The Marek vs. Wyshynski Podcast is hosted by Jeff Marek of Sportsnet and Greg Wyshynski of Yahoo Sports, breaking down the NHL on a (somewhat) daily basis with their particular brand of whimsy and with guest voices from around the hockey world. MvsW streams live while its being recorded: LISTEN HERE! [And if that doesn't work, try here.]
The NHL had some premature congratulations for the Tampa Bay Lightning and New York Islanders, as the second round started before the first round was finished.
So we locked in our picks for that series while waiting to see if the Anaheim Ducks or Nashville Predators would advance. (Spoiler: It was a Game 7, so you fill in the blank.)
Now, here are the picks for the rest of the second round series, as the Pittsburgh Penguins take on the Washington Capitals; the Dallas Stars face the St. Louis Blues; and the San Jose Sharks face the Nashville Predators.
And here … we … go.
Penguins in 7
You could basically flip a coin for these Round 2 series and come up with a prediction that wouldn't be too crazy.
Pens-Caps? Alex Ovechkin and Barry Trotz are long overdue to get out of the first round. But with the way the Penguins have been playing in the second half and with the fact that Matt Murray has kept their goaltending situation stable as Marc-Andre Fleury recovers from a concussion, it's tough not to see them continuing this run.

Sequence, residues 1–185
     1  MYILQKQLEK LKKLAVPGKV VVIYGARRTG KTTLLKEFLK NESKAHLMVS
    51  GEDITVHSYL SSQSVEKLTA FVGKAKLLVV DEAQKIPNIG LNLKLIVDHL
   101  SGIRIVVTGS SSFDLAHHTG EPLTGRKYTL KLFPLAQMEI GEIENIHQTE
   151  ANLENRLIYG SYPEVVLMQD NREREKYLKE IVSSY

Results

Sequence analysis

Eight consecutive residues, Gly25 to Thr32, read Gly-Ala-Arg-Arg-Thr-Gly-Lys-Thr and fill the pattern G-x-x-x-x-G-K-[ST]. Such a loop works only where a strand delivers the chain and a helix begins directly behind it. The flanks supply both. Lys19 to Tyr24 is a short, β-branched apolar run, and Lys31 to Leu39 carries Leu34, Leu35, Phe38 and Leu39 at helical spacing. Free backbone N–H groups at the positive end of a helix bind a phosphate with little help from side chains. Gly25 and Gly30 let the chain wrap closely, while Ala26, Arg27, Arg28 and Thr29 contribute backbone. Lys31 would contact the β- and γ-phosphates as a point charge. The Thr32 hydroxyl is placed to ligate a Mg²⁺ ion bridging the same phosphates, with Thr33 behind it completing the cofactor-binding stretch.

Bruce Boudreau lost in a Game 7 on Wednesday night, which essentially means he was coaching in the playoffs. Although he probably won’t be coaching the Anaheim Ducks any longer because of it.
That Boudreau has gone 1-7 in Game 7s with two different franchises during his coaching career is just a stunning and stupefying stat. Stunning because it’s hard to conceive of a coach whose regular-season success could cancel out such postseason disappointment, but Boudreau could be a Jack Adams finalist and be looking for a job this month. Stupefying because that’s either bad coaching, bad playing, bad luck or some other supernaturally bad thing happening.
Why does the same thing happen to the same guy seven times, like he’s some kind of hockey-centric John McClane? (OK, in fairness, there already was a hockey-centric John McClane, and he murdered the Penguins’ mascot.)
Here are five reasons why Bruce Boudreau can’t seem to win a Game 7. We were going to go to seven but in the spirit of the subject at hand, we fell just short.
Which brings us to:
Viral moments in social media have become calculated, work-shopped and focus-grouped. The truly organic, truly odd moments of simultaneous discovery and zeitgeist tapping are few and far between, which is why they have to be savored and celebrated.
And with that, the cult of celebrity around Anthony Holmes, a.k.a. “Tony X,” must be celebrated.
As he tells it, Tony was flipping around the channels on Monday night looking for the St. Louis Cardinals game. He landed on Fox Sports Midwest where the St. Louis Blues were playing the Chicago Blackhawks in Game 7 of their opening round series. Tony tweeted:
“Yo deadass this the first time I've ever watched hockey and this [crap] has been LIT for these first 45 seconds.”
What followed were a collection of hilarious observations from a sports fan slowly letting the light of hockey into his heart, including the immortal:
“White people been hiding hockey from us for years bruh. This [crap] lit.”
That last line was favorited 52,000 times and counting. And a star was born.
Here’s that GMA segment: